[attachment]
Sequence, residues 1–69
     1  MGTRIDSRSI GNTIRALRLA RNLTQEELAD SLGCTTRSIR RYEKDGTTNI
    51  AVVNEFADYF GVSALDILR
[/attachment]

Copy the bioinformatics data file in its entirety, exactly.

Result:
Sequence, residues 1–69
     1  MGTRIDSRSI GNTIRALRLA RNLTQEELAD SLGCTTRSIR RYEKDGTTNI
    51  AVVNEFADYF GVSALDILR